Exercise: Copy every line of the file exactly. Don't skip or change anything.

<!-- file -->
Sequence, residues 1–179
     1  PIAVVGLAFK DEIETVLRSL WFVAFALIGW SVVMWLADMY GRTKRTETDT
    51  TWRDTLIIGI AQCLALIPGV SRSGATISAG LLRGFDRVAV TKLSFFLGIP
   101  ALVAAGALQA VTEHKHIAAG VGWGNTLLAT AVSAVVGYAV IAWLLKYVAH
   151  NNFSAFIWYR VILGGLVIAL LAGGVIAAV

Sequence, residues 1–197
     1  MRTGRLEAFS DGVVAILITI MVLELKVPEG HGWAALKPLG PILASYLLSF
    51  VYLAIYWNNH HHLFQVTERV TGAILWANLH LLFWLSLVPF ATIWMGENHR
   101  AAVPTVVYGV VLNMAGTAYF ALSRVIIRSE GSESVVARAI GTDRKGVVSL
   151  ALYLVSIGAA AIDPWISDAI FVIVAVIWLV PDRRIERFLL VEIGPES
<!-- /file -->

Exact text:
Sequence, residues 1–179
     1  PIAVVGLAFK DEIETVLRSL WFVAFALIGW SVVMWLADMY GRTKRTETDT
    51  TWRDTLIIGI AQCLALIPGV SRSGATISAG LLRGFDRVAV TKLSFFLGIP
   101  ALVAAGALQA VTEHKHIAAG VGWGNTLLAT AVSAVVGYAV IAWLLKYVAH
   151  NNFSAFIWYR VILGGLVIAL LAGGVIAAV

Sequence, residues 1–197
     1  MRTGRLEAFS DGVVAILITI MVLELKVPEG HGWAALKPLG PILASYLLSF
    51  VYLAIYWNNH HHLFQVTERV TGAILWANLH LLFWLSLVPF ATIWMGENHR
   101  AAVPTVVYGV VLNMAGTAYF ALSRVIIRSE GSESVVARAI GTDRKGVVSL
   151  ALYLVSIGAA AIDPWISDAI FVIVAVIWLV PDRRIERFLL VEIGPES